By far the biggest change concerns the flash chip. As I’ve mentioned before, the last one was simply a bad design choice because it can’t do sector ereases. The Atmel AT45DB161E can do that and provides 16Mbit (i.e. 2 MB) of storage which is plenty for our application. This change of course does require firmware changes but since hardly any code for the flash chip has been written so far that’s not really an issue.

I’ve also included the surge suppression diodes that I removed when going from Rev B to Rev C. They are not really required but make the charger far more rugged against any spikes in the (particularly input) voltage. That also makes testing quite a bit safer so  I thought at least having the option of including them is well worth while.

The signals from the three temperature sensors now get RC filtered to hopefully solve some issues I’ve experienced with overly noisy measurements. Placing the capacitors close to the microcontroller was a major challenge but I think I did the best I could.

The other changes are really tiny. I’ve fixed a mistake on the silk screen, changed a number of footprints to make the parts easier to solder and added a diode from the USB bus to the output. That allows to power the charger via USB. That’s obviously only useful for testing and debugging but there it’s a nice feature.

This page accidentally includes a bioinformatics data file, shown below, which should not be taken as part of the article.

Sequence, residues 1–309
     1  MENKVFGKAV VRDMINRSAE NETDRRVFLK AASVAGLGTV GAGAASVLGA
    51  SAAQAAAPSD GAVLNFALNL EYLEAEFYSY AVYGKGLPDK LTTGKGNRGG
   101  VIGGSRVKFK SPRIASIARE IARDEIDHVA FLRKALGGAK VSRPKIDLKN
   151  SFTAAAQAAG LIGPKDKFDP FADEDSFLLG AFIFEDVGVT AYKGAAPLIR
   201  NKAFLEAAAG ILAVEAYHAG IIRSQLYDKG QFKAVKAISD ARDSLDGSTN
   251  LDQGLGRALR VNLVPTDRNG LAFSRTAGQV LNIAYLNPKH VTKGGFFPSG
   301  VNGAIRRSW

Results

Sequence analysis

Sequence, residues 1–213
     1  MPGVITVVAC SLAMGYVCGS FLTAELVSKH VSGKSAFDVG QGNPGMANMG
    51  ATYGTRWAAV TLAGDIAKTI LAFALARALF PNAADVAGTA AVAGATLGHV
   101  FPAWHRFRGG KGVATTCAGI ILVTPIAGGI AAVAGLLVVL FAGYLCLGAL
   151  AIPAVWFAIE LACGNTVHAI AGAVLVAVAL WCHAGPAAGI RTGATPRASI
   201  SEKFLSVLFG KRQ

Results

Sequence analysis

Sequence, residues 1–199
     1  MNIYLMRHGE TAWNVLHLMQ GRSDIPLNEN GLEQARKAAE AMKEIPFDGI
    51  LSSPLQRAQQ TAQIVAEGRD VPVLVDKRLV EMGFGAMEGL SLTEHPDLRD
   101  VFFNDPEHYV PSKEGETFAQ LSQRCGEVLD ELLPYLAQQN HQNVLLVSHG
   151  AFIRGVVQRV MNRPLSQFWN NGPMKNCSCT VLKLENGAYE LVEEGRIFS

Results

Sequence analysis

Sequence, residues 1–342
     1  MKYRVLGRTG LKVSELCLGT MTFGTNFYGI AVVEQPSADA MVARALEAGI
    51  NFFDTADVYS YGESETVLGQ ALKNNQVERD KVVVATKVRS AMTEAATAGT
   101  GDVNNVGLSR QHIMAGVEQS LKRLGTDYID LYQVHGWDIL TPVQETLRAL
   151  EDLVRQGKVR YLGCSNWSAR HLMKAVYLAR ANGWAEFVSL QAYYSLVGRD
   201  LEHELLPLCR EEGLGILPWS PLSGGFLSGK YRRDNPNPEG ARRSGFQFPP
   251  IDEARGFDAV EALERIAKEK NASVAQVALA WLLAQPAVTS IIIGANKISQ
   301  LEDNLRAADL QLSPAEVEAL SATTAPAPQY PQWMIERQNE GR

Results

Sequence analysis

If you want to check out the details, they are on github: https://github.com/soldernerd/SolarChargerHardware

RX/TX Sequencer

Much like the beacon keyer presented here earlier, this RX/TX sequencer is a simple but useful little device. Its typical use is in ham radio applications when a separate power amplifier (PA) and/or a sensitive low-noise pre-amplifier (LNA) is used. Care has then to be take to safely transition between RX and TX states – and that’s where this sequencer comes in.

Why a sequencer?

There are many sequencer designs on the web, both analog (http://www.ifwtech.co.uk/g3sek/dx-book/sequencer/) and digital (http://www.mancuso.net.au/sequencer.html) There’s also a beautifully made but somewhat more involved design here: http://www.w6pql.com/relay_sequencer.htm. The links above (and many more) explain the purpose of (and need for) such a sequencer in quite some detail so I won’t repeat it all here.

soldernerd.com on YouTube

Maybe the best way to understand what this sequencer does is to see it in action. I’ve just yesterday started a YouTube channel to share that kind of videos. Here’s the link: https://www.youtube.com/watch?v=Ctxm0VxeM4g.

This is already Rev D

I have designed and built a number of sequencers over the years so this is already revision D. Unfortunately, I don’t seem to have photos of the first two versions.